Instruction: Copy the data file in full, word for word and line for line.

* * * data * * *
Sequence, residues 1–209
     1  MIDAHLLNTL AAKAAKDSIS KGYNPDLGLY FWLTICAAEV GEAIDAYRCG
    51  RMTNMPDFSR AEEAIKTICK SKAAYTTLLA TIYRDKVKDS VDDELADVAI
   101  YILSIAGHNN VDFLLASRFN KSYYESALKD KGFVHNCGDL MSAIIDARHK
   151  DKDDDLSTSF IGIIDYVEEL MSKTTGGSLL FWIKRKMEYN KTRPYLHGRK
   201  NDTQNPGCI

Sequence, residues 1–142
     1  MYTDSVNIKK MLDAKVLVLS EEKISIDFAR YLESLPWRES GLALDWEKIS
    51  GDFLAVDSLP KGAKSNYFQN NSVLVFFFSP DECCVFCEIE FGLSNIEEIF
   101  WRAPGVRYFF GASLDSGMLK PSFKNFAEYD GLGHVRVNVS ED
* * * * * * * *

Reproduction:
Sequence, residues 1–209
     1  MIDAHLLNTL AAKAAKDSIS KGYNPDLGLY FWLTICAAEV GEAIDAYRCG
    51  RMTNMPDFSR AEEAIKTICK SKAAYTTLLA TIYRDKVKDS VDDELADVAI
   101  YILSIAGHNN VDFLLASRFN KSYYESALKD KGFVHNCGDL MSAIIDARHK
   151  DKDDDLSTSF IGIIDYVEEL MSKTTGGSLL FWIKRKMEYN KTRPYLHGRK
   201  NDTQNPGCI

Sequence, residues 1–142
     1  MYTDSVNIKK MLDAKVLVLS EEKISIDFAR YLESLPWRES GLALDWEKIS
    51  GDFLAVDSLP KGAKSNYFQN NSVLVFFFSP DECCVFCEIE FGLSNIEEIF
   101  WRAPGVRYFF GASLDSGMLK PSFKNFAEYD GLGHVRVNVS ED